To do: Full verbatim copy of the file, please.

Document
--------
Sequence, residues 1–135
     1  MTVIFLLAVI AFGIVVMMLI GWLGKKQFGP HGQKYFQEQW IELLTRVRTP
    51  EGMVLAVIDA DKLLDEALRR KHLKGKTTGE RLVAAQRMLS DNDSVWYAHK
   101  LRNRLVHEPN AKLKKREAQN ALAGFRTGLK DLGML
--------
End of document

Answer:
Sequence, residues 1–135
     1  MTVIFLLAVI AFGIVVMMLI GWLGKKQFGP HGQKYFQEQW IELLTRVRTP
    51  EGMVLAVIDA DKLLDEALRR KHLKGKTTGE RLVAAQRMLS DNDSVWYAHK
   101  LRNRLVHEPN AKLKKREAQN ALAGFRTGLK DLGML